Emergency Services Games: Half Marathon
- I was feeling very comfortable, but was traveling a bit too quick at 3:51/km.
- My HR was at or just below expected.
- The race leader was going to put in a big gap early, I had to let him go.
- Those around me would change position over the next 6km regardless of what I did
- Best plan at this stage: stick with the original idea, time trial it
The attacker needed some sort of recovery after his last surge. It was something we weren't going to give him. We kept the speed up. it was slower than the surge, but fast enough to drop him. Now the battle for second place was between two. First place had been well and truly covered.
This is what I trained for...
A small amount of shoulder to shoulder running. I decided to drop half a step back and watch for the move. We were set up for our fastest times over the course, and I was feeling surprisingly good with that in mind. There were two key points I expected an attack. They had been tested in the second lap, so I was on the look out. He attacked at the first, which is the slightest little rise of just a few metres. On a very, very flat circuit, any little bump can have an impact late in the race. The attack was solid, but I had it covered. My cadence lifted, I kept my stride and I was definitely going faster. Unfortunately, he was going faster than I could match. This was the move I had to stay with and I did everything I could to find that speed.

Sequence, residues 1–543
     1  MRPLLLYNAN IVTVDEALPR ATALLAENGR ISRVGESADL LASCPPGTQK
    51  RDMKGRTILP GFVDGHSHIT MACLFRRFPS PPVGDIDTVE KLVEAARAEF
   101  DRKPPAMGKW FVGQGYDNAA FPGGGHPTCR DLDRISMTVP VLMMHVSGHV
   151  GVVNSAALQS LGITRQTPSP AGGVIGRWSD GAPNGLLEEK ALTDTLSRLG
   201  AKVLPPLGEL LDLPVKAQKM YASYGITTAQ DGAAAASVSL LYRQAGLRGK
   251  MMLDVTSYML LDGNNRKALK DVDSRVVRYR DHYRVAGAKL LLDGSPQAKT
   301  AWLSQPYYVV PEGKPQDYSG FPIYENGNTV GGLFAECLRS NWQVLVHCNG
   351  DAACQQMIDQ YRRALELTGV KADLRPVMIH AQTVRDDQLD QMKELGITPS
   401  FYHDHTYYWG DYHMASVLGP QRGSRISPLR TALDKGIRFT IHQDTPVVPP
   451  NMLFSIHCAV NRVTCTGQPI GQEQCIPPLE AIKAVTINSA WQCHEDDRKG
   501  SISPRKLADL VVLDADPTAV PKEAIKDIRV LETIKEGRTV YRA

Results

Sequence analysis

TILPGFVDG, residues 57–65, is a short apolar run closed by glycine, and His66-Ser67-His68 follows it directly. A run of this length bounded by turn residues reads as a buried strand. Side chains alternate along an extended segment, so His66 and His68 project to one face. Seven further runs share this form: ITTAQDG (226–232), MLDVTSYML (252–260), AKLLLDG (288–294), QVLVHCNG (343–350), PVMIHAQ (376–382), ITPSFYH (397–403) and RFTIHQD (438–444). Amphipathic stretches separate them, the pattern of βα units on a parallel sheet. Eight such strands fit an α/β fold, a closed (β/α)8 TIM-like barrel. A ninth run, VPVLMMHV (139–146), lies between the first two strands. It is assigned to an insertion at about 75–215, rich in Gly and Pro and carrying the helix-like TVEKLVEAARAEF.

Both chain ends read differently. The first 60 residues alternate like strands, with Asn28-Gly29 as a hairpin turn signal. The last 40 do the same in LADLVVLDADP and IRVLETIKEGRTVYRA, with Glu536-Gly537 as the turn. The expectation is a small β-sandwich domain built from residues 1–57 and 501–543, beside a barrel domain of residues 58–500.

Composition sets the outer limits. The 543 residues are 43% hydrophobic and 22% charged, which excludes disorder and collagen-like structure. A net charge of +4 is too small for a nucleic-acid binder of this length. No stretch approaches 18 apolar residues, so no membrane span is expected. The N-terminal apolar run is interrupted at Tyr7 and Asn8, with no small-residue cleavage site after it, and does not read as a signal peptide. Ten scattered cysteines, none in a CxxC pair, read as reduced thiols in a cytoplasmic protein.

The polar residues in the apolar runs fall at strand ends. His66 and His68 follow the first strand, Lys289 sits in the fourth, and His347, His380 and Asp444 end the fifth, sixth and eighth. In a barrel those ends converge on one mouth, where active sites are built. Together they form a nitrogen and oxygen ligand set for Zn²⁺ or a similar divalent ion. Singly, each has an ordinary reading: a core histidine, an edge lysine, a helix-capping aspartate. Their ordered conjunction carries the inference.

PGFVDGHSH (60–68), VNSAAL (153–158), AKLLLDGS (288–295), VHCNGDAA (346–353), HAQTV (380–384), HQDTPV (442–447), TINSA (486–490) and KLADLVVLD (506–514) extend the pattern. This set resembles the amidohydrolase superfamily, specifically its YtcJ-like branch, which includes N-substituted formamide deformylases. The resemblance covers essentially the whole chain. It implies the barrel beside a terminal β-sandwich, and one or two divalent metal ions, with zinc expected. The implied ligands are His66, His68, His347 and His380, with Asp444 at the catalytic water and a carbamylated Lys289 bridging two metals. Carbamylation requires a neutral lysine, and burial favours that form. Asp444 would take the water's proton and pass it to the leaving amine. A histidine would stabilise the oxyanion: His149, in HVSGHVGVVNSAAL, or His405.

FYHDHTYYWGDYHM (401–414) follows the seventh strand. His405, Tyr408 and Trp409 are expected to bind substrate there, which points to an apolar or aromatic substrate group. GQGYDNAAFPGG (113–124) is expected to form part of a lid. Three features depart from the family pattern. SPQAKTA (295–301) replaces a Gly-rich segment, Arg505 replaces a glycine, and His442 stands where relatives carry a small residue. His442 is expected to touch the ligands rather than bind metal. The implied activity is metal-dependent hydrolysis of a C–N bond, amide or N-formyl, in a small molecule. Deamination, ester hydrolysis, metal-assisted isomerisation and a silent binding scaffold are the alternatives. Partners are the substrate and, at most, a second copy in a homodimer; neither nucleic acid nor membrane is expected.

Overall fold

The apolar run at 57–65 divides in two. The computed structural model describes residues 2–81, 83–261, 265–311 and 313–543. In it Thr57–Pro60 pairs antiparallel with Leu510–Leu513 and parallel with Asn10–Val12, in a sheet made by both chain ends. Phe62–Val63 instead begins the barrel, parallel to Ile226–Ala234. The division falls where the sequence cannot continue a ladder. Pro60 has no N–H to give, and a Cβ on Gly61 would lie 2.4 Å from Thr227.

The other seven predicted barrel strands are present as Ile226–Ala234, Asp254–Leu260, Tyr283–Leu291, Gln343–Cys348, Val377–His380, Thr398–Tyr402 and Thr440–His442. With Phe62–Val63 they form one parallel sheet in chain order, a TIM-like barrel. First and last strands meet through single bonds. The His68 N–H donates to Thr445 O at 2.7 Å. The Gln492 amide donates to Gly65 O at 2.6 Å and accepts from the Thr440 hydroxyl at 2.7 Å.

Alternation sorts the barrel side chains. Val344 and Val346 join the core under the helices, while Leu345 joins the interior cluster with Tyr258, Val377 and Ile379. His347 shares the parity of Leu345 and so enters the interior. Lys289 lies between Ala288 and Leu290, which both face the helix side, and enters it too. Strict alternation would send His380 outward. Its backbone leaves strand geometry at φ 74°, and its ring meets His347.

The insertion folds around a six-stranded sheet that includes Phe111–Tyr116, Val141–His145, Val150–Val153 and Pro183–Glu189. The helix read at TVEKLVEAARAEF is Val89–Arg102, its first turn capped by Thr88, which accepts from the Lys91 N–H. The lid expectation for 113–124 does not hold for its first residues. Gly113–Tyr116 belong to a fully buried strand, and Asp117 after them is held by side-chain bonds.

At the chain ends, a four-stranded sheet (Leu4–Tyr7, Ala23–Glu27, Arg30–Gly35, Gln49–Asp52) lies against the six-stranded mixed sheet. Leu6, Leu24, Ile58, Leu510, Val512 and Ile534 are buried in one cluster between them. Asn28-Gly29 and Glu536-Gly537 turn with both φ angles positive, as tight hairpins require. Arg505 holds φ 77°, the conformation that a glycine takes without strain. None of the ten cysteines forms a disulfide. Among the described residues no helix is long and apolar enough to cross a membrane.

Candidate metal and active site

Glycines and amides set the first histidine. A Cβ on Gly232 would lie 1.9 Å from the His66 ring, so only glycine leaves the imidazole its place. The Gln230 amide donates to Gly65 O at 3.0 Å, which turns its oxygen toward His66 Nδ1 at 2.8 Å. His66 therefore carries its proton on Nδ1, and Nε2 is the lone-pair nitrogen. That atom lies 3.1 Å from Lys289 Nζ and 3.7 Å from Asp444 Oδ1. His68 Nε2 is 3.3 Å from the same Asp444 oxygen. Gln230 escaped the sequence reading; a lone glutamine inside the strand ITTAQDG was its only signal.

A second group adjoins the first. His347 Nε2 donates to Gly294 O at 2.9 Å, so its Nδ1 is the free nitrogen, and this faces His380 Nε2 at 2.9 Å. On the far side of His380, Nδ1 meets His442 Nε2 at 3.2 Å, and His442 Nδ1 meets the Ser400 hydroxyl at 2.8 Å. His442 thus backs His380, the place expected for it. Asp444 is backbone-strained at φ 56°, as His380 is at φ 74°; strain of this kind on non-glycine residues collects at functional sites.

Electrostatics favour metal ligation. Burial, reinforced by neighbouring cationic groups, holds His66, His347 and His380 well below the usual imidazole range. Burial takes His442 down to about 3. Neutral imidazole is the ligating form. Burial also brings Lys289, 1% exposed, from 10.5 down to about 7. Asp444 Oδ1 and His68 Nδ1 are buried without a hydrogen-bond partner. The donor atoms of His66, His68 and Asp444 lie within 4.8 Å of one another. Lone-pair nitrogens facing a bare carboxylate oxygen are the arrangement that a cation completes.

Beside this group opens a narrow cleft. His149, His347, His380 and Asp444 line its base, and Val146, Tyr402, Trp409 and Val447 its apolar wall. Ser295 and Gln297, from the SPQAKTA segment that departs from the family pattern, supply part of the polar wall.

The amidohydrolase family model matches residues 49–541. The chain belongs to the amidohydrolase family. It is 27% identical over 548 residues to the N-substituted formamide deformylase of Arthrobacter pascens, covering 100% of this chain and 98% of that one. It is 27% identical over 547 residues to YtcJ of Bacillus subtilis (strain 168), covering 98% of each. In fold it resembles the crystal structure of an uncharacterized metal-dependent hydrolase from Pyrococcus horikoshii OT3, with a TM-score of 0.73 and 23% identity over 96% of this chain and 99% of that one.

The tunnel and white vision narrowed my focus to just the track and the runner ahead of me. No negative thoughts even threatened to get in my head. I was running at my best. It just couldn't close the gap the had opened. I knew he was hurting. It could be seen in his form and the breathing and grunting was a give away. The move was risky for him. It had the potential to have him crash and burn, but it also gave him a gap. With less than 2km left there was a slow down up front. From there I narrowed the margin a bit, but never enough to look like I could get in front. My legs had reached their limit. It felt almost impossible not to stop in the last 1000m. It is a rare feeling to have a such a deep and high level of burn in the legs for this distance.
Overall I came in 3rd position and 1st for my age group (30-34), with a time of 1:23:05. My fastest time on the course ever and my 2nd fastest time for a half marathon in the last few years. I got a lot right. About 24 seconds separated me from second, and the winning time was 1:19:xx. I don't think there was anything else I could have done on the day to improve my position. The racing was appropriately paced early and was right on, if not a bit over the rivet in the final third.
I've put in the heart rate file below. While I didn't race by HR, I did have a few checks early to make sure the numbers I saw match my RPE, and pace. Clearly the profile demonstrates the slightly fast effort in the first 3km, a controlled 6km lap, followed by a gradual increase throughout the second lap. The yellow section is roughly the area where my anaerobic threshold would sit. The effort over the last 6km lap is a fair way above this. In fact it is right the HR I hit in 10km events. The drop over the end couple of hundred metres was a reflection on the refusal of my legs to run.